Pedestrian Power — At Last!


It may come as a surprise, until you stop and think about it, that all of us, 100%, are pedestrians for at least some of our travels to work, to shop, to recreate. It is the only mode of transport where that is true.

Walking is also the healthiest, most accessible form of regular exercise for every one of all ages, all abilities.  And it is free, with no equipment or specialist clothing costs of any kind.

The City’s Transportation 2040 Plan claims to put pedestrians as the number one priority. But is that true in reality?   All we ever hear about are cycling, transit, and cars, each of which is supposed to be of lower priority than walking.  The cycling lobby has dominated Vision Vancouver’s thinking, giving them insider status through the ActiveTransportation Committee (ACT).  This is true even though the 2% of folks who cycle to work are a tiny fraction of those who walk.

I am certainly not against promoting cycling; that is a far better option than more cars.  However, it seems that pedestrians are generally the forgetten ones. We are even mocked and sometimes abused when we complain about cyclists illegally invading the sidewalks and threatening the safety of seniors and children. The police, perhaps under orders, seem disinclined to help in enforcing safety on the sidewalks.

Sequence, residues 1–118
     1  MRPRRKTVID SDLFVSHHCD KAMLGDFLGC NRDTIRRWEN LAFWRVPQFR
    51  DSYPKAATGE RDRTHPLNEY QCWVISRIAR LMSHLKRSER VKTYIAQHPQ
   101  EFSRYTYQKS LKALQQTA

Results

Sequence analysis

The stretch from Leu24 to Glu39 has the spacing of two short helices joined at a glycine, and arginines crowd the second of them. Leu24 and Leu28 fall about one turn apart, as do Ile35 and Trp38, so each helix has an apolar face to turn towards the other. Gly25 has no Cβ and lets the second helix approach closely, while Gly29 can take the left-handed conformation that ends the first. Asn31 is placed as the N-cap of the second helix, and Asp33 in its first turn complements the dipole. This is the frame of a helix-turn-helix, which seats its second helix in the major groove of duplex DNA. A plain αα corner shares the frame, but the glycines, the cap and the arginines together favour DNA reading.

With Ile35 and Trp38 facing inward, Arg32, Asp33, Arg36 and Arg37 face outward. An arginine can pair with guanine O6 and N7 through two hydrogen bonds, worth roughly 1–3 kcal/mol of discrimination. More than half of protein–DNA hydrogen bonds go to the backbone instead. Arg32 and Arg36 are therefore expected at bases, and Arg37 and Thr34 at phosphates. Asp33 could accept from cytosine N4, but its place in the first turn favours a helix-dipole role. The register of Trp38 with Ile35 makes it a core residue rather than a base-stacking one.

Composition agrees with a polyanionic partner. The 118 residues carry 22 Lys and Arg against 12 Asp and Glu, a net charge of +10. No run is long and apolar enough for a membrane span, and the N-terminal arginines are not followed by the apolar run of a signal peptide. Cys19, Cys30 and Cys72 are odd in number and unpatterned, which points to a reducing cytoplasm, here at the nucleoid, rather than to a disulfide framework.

Luckily, the OneCity campaign of R.J. Aquino wants to come to our rescue.

“Walking as a mode of transportation is central to public health, economic development, and social equality and inclusion,” City Council candidate RJ Aquino says. “But in its rush to develop pockets of the city, Vancouver is falling behind other jurisdictions that have made walkable, connected neighbourhoods a priority.”

Aquino and OneCity believe a Pedestrian Advisory Council, based on successful models such as Portland’s PAC, is the best tool to address City Hall’s current stop-and-go approach to walkability … The advisory council will help the city better integrate pedestrian and walkability policies, programs and long-term plans as Vancouver evolves.

Having a Pedestrian Advisory Council is a great idea.  Perhaps, to save confusion and overhead, we could meld a PAC with the ACT with the numbers on the Committee reflecting the true balance between those who walk and those who cycle.

Well done OneCity for this innovative and exciting idea!


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